Musically, it's got to be B.B. King. B.B. consider his hometown to be Indianola, Miss., where I worked for the newspaper for five year, so I saw him several times when he came into town for his annual homecoming concert. I got to ask him a few questions for the paper and talk with him a little. He considered my editor, Jim Abbott, a friend, so I got to be around while they talked, too. B.B. is an amazing man, friendly and incredibly down-to-Earth. Just a super, super nice guy.
In the field of writing, John Grisham, right around the time the movie "The Firm" came out, when he was really probably at the height of his popularity, took a six-month or so sabbatical from interviews. When the Sunday "Parade" magazine (or possibly USA Weekend, I forget which) wanted an interview with him during that time, he agreed, but with the stipulation that he would interview himself rather than talk to someone else. To the best of my knowledge, he granted only one interview during that time -- to me. I was working at the college paper at the time, and he was in town for a private screening of The Firm, which I'd been invited to. I told him I knew he wasn't doing interviews, but would he be willing to let me ask just one question. He said he'd never met a reporter that could ask just one question, but if I could, he'd answer it and I could use it. I did, and he did.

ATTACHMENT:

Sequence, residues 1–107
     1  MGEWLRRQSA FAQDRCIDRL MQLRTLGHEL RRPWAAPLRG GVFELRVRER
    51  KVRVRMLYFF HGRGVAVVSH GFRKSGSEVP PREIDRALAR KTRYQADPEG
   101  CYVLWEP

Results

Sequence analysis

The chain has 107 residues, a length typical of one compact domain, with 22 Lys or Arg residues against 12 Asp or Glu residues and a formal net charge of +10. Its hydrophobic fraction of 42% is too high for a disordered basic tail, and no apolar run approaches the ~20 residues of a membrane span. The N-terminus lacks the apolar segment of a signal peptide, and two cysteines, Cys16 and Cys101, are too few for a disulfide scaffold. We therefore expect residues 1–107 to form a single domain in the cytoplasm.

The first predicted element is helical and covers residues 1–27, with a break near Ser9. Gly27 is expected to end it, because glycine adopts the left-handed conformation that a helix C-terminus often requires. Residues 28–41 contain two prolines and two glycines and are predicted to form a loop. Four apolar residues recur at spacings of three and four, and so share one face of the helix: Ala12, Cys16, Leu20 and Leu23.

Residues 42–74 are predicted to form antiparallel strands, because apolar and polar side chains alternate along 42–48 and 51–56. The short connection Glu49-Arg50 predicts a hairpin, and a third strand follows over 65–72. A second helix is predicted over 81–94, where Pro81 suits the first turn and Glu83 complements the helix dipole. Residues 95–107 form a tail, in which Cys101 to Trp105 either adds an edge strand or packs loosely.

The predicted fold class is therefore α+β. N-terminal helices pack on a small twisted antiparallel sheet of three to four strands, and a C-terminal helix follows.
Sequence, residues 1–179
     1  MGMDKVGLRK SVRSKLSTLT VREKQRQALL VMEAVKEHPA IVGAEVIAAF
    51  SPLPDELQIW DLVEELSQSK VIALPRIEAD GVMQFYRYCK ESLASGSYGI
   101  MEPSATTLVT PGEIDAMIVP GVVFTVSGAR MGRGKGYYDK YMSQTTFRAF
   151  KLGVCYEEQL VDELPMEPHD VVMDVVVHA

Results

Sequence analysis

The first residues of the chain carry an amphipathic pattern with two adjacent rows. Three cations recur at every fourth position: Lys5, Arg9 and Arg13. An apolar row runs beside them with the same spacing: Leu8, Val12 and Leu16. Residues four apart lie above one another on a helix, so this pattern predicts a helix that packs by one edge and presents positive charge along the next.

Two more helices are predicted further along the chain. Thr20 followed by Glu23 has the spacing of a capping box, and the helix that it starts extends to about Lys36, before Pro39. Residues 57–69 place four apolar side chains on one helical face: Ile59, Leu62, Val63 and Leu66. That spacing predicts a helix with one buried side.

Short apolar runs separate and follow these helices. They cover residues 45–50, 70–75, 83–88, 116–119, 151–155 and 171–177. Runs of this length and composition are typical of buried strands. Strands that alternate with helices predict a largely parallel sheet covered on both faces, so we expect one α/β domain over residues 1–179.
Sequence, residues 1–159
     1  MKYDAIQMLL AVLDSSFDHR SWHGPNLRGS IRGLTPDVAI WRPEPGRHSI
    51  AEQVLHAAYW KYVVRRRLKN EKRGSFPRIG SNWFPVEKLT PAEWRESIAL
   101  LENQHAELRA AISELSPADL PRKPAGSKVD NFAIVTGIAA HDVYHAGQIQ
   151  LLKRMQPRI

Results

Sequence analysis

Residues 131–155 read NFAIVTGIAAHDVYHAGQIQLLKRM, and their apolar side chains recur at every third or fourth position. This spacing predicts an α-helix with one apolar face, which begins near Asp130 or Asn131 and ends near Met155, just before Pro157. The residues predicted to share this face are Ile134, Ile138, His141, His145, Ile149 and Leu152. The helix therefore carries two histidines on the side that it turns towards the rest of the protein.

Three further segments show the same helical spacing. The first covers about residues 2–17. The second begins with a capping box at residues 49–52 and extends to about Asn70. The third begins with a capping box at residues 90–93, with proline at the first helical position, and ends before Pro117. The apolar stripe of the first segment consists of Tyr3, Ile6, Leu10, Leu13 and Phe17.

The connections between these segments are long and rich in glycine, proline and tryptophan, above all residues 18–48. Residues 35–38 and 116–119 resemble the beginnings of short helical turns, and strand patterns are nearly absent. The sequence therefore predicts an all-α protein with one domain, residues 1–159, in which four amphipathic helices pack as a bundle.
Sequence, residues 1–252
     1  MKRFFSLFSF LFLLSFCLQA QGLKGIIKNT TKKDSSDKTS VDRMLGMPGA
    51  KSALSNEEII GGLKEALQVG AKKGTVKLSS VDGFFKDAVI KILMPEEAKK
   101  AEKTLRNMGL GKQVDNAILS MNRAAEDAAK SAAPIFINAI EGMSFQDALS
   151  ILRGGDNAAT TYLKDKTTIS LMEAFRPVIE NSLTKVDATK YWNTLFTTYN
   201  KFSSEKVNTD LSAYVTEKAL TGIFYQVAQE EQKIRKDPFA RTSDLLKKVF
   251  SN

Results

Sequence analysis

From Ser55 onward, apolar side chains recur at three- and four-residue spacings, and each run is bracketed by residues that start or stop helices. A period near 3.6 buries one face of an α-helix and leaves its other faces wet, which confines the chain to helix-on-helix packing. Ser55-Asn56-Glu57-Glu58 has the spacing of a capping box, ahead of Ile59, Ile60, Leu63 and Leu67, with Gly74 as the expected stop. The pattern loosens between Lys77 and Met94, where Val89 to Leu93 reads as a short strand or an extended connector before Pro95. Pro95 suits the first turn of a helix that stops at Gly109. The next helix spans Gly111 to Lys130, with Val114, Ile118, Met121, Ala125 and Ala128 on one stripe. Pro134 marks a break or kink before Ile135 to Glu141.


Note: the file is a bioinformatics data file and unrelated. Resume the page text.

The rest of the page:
So with all of those possibilities, how do you determine who the most famous person I've ever met is?
Oh, yeah, Google.
Google "James Earl Jones," and you get just over 4 million results.
"John Grisham" gets you over 9 million.
Buzz Aldrin, the second man on the moon, a participant in probably the greatest human achievement of the 20th century, nets about half a million.
And B.B. King? Indianola's favorite son gets almost 27 million results, making him the most famous person I've ever met.
Couldn't happen to a nicer guy.
- Radio Song
(From a Plinky.com prompt: "Do you ever listen to the radio anymore?"